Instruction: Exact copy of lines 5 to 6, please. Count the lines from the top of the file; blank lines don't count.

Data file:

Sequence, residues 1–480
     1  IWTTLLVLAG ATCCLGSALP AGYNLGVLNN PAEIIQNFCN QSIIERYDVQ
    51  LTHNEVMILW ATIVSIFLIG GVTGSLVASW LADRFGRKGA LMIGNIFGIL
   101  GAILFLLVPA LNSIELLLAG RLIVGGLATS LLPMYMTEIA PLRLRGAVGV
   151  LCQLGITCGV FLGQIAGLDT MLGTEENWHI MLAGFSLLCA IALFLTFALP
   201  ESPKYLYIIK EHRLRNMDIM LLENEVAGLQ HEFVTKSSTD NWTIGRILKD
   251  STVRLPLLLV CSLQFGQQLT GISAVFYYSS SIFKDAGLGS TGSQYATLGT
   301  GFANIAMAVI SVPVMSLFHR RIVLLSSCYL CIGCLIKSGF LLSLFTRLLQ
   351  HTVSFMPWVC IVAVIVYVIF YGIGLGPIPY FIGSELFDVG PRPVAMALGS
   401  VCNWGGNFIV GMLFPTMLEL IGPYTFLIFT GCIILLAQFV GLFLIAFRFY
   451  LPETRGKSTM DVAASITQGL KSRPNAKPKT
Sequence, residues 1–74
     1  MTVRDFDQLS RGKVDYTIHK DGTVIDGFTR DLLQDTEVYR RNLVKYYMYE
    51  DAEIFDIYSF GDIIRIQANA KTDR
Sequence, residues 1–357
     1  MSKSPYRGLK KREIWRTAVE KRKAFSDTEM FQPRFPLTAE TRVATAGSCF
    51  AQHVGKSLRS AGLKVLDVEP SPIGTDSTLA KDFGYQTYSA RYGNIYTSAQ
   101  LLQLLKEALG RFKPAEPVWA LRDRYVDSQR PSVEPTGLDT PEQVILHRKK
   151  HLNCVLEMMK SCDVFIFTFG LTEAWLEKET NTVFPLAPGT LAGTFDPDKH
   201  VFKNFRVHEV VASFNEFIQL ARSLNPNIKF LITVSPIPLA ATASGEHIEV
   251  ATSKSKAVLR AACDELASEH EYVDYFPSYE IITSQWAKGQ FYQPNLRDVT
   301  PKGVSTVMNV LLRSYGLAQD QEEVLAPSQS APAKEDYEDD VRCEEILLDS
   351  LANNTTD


   151  LCQLGITCGV FLGQIAGLDT MLGTEENWHI MLAGFSLLCA IALFLTFALP
   201  ESPKYLYIIK EHRLRNMDIM LLENEVAGLQ HEFVTKSSTD NWTIGRILKD